2010 Homes and the Economy
Some people are calling it the “Great Recession.” Without a doubt, most of us will look back on the past 2-3 years as some of our most challenging times. Surging unemployment, a rising tide of foreclosures, recent flood-waters and declining state and local revenues have left our families and communities struggling to make ends meet. And while some economists predict that we are finally on a gradual slope to recovery, many Rhode Islanders – most of whom have been impacted by these crises – will continue to need help through what will undoubtedly be a long recovery process.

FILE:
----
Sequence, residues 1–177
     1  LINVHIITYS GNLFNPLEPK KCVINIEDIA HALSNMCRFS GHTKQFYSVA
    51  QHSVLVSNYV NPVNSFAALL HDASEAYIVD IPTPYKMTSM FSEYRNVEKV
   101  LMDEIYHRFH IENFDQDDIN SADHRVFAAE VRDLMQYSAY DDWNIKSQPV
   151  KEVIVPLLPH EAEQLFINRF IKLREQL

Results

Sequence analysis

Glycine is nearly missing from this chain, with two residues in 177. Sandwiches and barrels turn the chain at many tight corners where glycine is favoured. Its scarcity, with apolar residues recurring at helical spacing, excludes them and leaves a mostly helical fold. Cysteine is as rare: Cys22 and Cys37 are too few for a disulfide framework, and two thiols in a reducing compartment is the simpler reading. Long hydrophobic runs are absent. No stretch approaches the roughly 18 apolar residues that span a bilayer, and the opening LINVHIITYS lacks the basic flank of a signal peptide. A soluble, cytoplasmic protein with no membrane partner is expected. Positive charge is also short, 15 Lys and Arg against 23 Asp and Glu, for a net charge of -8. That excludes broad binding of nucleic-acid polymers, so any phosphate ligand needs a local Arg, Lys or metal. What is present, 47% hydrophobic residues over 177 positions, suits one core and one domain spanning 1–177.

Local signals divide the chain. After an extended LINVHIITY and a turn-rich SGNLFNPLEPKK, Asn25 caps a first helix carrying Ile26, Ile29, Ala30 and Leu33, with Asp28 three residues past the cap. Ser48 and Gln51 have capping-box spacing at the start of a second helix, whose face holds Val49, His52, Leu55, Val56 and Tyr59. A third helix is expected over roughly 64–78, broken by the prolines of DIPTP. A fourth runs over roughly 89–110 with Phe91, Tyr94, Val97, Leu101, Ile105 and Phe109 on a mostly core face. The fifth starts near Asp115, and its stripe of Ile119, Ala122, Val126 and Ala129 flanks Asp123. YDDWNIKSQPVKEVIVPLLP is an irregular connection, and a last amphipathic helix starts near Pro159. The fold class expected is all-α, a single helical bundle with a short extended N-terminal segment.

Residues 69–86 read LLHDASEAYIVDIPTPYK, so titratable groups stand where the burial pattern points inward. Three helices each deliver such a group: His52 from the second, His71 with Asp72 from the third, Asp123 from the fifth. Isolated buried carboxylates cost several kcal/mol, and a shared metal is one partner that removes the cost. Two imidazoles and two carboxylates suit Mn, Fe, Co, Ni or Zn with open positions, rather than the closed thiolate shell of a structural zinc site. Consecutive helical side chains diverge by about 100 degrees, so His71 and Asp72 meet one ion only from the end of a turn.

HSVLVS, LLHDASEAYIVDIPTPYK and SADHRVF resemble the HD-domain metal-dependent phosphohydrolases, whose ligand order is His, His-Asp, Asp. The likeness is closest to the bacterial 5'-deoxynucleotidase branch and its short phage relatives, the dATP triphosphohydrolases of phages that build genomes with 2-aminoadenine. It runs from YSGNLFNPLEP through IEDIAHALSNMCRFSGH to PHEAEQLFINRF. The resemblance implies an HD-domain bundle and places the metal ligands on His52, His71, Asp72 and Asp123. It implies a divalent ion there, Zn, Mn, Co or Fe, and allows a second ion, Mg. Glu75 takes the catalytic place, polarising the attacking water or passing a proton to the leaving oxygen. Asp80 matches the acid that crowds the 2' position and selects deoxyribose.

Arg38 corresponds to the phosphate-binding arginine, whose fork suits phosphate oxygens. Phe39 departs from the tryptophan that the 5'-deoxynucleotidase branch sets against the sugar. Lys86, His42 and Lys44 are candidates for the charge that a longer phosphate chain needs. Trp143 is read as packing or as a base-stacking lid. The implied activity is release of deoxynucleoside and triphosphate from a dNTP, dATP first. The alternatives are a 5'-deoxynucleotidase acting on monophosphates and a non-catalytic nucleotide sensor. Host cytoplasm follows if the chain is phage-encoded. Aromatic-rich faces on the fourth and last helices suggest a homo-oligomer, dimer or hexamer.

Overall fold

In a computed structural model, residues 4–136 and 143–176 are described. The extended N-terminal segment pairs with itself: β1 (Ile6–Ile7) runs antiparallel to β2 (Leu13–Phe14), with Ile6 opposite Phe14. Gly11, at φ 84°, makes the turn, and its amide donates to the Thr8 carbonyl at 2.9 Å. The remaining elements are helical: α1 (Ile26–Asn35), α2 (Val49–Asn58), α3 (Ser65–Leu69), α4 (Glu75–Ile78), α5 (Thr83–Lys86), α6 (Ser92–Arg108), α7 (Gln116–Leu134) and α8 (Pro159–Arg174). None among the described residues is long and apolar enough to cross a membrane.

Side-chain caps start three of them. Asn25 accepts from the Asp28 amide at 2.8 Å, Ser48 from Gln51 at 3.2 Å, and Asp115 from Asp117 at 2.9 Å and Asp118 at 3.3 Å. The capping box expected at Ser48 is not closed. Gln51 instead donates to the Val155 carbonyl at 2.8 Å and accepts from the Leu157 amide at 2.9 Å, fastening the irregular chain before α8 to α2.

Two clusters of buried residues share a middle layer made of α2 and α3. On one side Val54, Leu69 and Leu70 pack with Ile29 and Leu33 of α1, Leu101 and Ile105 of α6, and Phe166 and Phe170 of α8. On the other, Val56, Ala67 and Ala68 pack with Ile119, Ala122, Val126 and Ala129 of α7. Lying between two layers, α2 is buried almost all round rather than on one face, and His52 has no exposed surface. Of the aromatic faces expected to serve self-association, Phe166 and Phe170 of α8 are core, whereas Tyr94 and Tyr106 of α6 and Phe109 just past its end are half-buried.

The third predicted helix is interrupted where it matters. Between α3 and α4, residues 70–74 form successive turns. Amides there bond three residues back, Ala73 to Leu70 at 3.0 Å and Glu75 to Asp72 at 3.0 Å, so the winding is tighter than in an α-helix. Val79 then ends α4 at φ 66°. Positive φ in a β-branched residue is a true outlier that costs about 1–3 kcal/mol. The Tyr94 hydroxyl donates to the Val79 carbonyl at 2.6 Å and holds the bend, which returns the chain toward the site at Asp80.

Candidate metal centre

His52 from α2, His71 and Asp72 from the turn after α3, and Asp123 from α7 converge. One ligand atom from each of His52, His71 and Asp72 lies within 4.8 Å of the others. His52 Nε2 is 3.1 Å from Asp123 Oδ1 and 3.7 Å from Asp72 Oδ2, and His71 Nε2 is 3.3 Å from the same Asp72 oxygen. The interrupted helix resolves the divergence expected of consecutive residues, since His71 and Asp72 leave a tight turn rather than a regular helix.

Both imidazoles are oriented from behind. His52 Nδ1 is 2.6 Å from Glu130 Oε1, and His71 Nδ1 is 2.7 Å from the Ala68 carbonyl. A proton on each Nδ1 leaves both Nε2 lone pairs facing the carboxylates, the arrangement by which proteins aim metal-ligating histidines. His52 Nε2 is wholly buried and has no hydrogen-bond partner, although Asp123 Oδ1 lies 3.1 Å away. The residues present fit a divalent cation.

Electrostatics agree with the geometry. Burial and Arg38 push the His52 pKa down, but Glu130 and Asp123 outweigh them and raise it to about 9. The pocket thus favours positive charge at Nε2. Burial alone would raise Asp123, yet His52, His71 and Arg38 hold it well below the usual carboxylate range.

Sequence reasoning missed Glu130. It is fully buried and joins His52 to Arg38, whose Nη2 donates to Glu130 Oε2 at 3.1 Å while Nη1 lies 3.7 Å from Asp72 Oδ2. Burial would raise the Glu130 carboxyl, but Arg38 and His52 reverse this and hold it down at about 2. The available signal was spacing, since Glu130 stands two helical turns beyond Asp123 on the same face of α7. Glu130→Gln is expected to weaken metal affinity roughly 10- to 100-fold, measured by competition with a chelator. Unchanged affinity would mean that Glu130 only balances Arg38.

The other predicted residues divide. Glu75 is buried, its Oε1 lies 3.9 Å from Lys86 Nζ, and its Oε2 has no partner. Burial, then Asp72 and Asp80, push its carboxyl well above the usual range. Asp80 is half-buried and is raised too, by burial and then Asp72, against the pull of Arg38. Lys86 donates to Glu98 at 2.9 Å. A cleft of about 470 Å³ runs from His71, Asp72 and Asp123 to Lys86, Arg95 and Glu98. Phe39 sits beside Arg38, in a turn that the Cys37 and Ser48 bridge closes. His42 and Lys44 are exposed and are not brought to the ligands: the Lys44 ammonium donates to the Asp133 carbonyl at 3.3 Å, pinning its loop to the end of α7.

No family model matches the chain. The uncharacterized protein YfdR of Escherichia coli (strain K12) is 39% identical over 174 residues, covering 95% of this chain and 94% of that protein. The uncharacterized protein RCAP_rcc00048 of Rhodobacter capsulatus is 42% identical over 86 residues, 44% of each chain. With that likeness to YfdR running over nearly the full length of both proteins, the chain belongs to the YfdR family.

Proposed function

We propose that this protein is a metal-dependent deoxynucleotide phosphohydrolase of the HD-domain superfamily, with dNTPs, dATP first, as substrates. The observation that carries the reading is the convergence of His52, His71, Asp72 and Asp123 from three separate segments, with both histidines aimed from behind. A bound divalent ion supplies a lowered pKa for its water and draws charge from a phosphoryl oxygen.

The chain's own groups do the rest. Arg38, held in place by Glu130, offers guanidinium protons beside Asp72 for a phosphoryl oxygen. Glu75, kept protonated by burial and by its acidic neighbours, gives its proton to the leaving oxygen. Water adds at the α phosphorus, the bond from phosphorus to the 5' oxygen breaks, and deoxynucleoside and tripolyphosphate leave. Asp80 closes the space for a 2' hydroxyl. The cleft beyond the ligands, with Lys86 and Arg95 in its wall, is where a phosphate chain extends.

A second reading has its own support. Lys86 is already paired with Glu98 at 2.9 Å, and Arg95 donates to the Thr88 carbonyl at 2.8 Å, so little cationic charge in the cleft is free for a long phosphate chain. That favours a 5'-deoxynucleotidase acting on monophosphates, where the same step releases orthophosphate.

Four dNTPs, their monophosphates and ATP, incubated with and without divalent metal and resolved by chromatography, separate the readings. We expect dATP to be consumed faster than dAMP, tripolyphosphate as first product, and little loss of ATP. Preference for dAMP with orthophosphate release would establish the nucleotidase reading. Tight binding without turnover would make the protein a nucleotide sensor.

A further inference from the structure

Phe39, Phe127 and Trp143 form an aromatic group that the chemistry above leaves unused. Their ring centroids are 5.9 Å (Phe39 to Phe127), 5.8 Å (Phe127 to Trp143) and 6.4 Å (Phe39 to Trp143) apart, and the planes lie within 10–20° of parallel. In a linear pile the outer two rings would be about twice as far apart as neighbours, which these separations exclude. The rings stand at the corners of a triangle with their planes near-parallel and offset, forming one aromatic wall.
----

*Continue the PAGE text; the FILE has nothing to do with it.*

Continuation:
Rhode Island has been particularly hard hit by both the overall economic crisis and the housing crisis, as history once again reminds us that homes and the economy are inextricably linked. Rhode Island’s unemployment remains at a record high level – which is not surprising considering that one out of every 10 jobs in Rhode Island is related to real estate or construction, and the production of homes is dramatically down. And few will disagree that good jobs and good homes that are affordable to working Rhode Islanders are essential for long-term economic growth and stability. Before the recession hit, Rhode Island suffered a stifling shortage of affordable homes. In 2005, our state suffered a staggering deficit of 13,000 homes that were affordable to the average working family. In 2008 and 2009, only about 2,000 new homes were permitted – and those numbers included high-end homes.